Over here sits one man, a direct victim of Nazi genocide and murder. A man of the light who would later go on to become a Prince of the Church, healing wounds and saving untold thousands of souls. Over there sits another man, one of the darkness who himself would later engage in war crimes and atrocities against humanity, offering only murder and destruction on a scale rivaling Hitler.
It’s even possible that these two ordinary students – two very young men with seemingly average and ordinary lives ahead of them – sat next to each other in the same classroom, where they learned the same geo-political lessons, asked the same questions, sought the same answers, and perhaps even searched for the same basic truth. All so very ordinary.
And yet, not.
At its core, this dual-life vignette is about choice and free will. About how we choose to live and govern our lives. About the decisions we make and why. About the questions we ask ourselves. And, ultimately, about whether we live in the dark or seek the light.
Yes, it is all that. But there’s also something more at play here.
Certainly, the Cardinal and Pol Pot made radically different decisions about their lives. Probably small, everyday choices, step-by-step, day-by-day. And they ultimately ended up taking profoundly different, violently clashing paths.
But why? Were these two stark paths inevitable? What compelled such a radically different departure, coming as they did from at least one similar starting point?
Evil. Plain and simple.
We are free to ignore and dismiss the reality of evil. It’s all too easy to believe that evil acts and atrocities are isolated incidents, mere aberrations, rather than some supernatural, transcending oppositional force operating throughout the world.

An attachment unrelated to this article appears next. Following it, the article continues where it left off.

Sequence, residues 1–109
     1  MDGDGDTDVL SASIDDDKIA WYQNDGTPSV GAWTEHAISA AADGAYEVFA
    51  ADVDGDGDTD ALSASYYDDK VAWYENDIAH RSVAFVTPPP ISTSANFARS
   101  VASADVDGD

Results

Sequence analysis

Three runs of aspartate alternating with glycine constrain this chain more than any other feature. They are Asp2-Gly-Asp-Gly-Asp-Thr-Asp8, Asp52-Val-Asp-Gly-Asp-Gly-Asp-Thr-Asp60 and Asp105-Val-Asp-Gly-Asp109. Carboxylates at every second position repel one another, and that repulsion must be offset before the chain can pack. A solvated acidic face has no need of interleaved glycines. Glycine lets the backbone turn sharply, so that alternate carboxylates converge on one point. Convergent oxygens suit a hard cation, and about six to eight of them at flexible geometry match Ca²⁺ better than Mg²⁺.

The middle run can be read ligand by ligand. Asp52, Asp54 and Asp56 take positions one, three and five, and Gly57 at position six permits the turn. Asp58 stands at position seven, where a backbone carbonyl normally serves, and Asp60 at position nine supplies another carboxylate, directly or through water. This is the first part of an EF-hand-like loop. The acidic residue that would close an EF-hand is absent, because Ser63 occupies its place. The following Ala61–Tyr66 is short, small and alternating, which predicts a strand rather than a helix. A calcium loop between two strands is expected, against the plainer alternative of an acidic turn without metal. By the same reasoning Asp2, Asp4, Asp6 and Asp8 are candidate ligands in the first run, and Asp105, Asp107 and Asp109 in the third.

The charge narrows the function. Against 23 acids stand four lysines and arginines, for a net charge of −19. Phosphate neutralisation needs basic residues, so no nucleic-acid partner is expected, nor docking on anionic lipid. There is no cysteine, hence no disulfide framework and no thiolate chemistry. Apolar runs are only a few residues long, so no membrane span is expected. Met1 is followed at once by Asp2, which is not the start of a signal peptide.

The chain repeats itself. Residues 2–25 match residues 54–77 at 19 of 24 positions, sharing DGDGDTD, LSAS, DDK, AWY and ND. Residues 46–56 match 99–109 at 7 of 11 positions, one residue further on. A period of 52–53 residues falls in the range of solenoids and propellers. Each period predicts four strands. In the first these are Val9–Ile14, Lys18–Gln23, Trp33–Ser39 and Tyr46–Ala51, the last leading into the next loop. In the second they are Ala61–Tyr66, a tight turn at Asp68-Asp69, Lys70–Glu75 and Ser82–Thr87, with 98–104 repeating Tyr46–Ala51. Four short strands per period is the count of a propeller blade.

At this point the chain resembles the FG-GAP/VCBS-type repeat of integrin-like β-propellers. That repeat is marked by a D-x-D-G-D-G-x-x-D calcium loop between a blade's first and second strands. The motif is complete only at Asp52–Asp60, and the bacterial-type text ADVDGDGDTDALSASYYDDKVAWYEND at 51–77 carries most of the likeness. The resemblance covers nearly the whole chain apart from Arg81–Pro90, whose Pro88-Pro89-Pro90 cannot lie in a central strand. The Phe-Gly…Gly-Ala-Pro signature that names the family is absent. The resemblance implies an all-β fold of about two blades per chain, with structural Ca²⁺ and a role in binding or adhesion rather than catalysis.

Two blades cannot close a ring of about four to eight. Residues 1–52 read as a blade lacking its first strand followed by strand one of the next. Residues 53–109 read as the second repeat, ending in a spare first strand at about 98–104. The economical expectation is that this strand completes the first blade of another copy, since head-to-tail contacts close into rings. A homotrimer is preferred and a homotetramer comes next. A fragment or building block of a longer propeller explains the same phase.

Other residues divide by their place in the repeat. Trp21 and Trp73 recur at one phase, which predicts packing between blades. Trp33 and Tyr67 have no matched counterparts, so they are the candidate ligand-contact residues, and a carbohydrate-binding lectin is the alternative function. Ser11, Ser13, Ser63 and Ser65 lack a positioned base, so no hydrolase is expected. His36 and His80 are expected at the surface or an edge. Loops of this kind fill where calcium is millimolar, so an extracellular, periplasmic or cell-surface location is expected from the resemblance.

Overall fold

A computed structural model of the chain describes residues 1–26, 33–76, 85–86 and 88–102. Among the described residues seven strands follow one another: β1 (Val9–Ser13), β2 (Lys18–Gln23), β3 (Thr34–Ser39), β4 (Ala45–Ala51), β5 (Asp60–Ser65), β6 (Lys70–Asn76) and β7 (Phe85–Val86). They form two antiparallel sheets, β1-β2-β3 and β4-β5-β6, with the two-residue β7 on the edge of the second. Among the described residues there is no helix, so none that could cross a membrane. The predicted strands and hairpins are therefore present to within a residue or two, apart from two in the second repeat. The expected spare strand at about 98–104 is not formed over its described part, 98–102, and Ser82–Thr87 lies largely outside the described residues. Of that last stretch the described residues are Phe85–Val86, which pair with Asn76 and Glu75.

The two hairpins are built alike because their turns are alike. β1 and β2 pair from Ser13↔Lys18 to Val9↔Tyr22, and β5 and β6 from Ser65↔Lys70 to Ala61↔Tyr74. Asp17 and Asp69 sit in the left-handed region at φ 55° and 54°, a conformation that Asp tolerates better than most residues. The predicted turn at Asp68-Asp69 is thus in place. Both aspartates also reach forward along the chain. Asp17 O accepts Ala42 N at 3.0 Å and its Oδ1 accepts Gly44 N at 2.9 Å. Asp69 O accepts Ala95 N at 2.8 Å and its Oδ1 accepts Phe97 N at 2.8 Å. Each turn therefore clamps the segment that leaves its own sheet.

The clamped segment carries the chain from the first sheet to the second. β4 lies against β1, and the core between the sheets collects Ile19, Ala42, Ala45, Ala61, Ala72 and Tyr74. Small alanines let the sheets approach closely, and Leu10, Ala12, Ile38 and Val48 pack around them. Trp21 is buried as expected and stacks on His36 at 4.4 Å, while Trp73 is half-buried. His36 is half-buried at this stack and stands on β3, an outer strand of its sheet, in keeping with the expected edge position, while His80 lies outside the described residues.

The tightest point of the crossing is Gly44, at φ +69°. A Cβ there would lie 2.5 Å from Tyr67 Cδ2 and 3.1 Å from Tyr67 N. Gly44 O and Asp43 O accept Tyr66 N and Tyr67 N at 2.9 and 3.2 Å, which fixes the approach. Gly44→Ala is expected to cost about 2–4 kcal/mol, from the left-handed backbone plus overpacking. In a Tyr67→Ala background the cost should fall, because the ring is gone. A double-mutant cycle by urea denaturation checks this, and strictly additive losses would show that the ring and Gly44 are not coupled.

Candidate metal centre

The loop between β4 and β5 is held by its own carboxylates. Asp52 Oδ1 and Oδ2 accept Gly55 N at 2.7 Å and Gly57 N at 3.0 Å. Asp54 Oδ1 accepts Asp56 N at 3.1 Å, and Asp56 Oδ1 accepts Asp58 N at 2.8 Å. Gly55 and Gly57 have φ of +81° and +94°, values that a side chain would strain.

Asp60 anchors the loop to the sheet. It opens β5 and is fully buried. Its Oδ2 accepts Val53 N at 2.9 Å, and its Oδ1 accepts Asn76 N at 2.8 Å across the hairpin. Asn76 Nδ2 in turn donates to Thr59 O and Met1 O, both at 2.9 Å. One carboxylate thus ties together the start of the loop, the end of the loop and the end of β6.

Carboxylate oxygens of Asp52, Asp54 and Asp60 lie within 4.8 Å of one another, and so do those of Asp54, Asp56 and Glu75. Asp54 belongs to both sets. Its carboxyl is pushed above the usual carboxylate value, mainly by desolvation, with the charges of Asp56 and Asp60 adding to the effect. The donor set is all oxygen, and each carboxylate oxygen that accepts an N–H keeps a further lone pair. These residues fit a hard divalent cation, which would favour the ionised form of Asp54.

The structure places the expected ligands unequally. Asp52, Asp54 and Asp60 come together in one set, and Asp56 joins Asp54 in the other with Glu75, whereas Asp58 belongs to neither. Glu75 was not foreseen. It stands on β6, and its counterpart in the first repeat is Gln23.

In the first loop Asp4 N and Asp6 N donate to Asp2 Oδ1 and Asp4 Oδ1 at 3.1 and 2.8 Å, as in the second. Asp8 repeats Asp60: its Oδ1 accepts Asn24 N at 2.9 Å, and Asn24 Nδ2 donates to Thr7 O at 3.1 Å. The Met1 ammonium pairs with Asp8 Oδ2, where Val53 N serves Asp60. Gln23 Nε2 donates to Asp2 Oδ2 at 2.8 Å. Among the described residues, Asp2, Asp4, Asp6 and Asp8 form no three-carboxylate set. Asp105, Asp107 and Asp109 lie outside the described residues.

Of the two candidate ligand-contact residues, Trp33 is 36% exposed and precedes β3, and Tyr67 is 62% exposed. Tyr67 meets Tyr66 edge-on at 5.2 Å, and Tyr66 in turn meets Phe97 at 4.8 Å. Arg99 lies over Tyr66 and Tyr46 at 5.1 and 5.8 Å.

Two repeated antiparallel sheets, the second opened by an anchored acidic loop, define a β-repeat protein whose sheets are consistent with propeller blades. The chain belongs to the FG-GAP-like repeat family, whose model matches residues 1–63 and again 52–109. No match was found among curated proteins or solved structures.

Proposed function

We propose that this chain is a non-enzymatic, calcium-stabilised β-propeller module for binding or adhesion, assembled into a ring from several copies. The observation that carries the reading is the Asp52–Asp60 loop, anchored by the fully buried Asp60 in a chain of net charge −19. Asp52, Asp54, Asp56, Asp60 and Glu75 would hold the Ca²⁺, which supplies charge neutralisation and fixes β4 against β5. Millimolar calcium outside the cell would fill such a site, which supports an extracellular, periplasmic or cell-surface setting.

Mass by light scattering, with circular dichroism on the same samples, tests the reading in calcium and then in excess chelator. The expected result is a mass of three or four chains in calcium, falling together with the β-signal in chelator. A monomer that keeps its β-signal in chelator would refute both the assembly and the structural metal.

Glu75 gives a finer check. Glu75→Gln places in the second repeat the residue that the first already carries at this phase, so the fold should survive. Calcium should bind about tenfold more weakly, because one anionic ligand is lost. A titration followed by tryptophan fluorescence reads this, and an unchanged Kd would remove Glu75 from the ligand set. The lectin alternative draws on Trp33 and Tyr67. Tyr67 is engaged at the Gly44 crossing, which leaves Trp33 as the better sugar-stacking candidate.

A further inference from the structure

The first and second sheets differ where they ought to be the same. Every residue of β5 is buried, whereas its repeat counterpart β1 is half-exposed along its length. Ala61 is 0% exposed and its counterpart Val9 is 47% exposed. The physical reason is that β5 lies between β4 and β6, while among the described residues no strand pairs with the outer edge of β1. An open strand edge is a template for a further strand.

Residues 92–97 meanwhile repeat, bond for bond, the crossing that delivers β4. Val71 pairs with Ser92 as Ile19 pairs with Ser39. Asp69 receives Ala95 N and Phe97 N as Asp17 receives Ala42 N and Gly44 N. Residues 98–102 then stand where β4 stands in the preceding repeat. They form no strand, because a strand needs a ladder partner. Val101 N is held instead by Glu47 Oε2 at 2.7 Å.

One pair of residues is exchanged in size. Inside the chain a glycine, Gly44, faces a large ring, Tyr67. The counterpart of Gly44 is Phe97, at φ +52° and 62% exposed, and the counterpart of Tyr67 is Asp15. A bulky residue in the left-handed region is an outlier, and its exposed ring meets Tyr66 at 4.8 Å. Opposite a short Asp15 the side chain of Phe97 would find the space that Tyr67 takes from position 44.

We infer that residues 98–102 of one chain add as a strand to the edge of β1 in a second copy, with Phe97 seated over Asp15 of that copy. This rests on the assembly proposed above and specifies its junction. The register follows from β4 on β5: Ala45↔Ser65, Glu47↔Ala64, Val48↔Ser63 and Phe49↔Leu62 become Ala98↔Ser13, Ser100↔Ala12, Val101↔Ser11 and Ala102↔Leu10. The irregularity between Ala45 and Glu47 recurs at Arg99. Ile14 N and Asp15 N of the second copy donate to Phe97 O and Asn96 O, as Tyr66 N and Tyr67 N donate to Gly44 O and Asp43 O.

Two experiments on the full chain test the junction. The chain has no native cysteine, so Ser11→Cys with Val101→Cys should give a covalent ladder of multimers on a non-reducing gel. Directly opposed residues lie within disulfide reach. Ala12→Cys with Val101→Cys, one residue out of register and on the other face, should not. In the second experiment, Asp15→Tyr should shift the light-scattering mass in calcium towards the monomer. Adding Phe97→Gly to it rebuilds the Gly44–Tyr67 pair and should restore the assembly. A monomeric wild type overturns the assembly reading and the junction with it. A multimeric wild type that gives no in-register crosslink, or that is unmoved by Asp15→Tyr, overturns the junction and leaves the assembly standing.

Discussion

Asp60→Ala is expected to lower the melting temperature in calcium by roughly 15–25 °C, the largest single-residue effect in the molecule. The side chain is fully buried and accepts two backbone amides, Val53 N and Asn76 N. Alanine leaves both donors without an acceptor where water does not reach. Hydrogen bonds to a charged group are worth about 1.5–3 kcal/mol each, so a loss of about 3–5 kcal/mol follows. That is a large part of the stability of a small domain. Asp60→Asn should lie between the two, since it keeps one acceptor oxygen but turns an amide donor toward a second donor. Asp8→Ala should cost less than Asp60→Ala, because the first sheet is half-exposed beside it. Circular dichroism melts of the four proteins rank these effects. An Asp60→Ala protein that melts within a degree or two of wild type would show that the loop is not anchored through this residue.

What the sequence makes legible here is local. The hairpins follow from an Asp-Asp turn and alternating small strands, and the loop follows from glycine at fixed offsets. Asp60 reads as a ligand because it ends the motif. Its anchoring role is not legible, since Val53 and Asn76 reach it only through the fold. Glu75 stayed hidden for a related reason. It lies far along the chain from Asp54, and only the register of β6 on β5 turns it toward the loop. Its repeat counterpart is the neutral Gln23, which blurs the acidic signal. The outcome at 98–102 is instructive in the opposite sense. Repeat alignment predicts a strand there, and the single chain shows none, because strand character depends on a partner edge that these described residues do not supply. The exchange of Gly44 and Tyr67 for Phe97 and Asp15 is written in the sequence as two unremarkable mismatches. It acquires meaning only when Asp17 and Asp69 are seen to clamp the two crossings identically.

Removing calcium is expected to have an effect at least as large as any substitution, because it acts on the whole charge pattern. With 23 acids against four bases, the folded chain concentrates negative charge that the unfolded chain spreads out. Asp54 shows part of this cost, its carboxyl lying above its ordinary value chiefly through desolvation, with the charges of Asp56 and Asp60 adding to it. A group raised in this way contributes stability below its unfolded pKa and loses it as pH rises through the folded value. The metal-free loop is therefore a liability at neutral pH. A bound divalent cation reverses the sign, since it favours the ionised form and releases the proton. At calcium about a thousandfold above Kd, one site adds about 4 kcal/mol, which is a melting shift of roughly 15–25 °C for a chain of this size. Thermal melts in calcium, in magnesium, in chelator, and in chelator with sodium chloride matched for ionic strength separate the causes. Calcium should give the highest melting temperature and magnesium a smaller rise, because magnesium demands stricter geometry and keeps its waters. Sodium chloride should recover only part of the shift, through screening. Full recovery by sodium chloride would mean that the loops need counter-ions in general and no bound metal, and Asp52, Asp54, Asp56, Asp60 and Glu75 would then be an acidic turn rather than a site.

We can easily pretend that evil doesn’t exist.
But we do ourselves no favors, we avoid no pain, we win no battles, we compel no hearts and minds, by ignoring reality.
A brief blog post can never do justice to this vast subject. And I certainly know my limitations so I won’t labor on.
But the Catholic Catechism, I think, sets out a good working framework for our better understanding. Note the natural and the supernatural assumptions:
311 Angels and men, as intelligent and free creatures, have to journey toward their ultimate destinies by their free choice and preferential love. They can therefore go astray. Indeed, they have sinned. Thus has moral evil, incommensurably more harmful than physical evil, entered the world. God is in no way, directly or indirectly, the cause of moral evil.
Ordinary, everyday wrong choices and “preferential love” can lead us astray. Which can lead us into sin. Which inevitably does lead us to corruption, destruction, evil, and eternal death.
We need only look to the story of the Cardinal and the killer for proof. One looked evil in the eye and spit into its face. The other embraced it. One sought eternal life. The other appealed to physical death and destruction.
These two men are role models of a sort.
Perhaps we look at them and see only extremes – we believe that we will never be as evil as Pol Pot, nor as holy as the Cardinal. I’m not so sure that we can ultimately avoid becoming one or the other.
But they certainly provide clarity.
Image Credit: Wikimedia Commons, photo©ErlingMandelmann.ch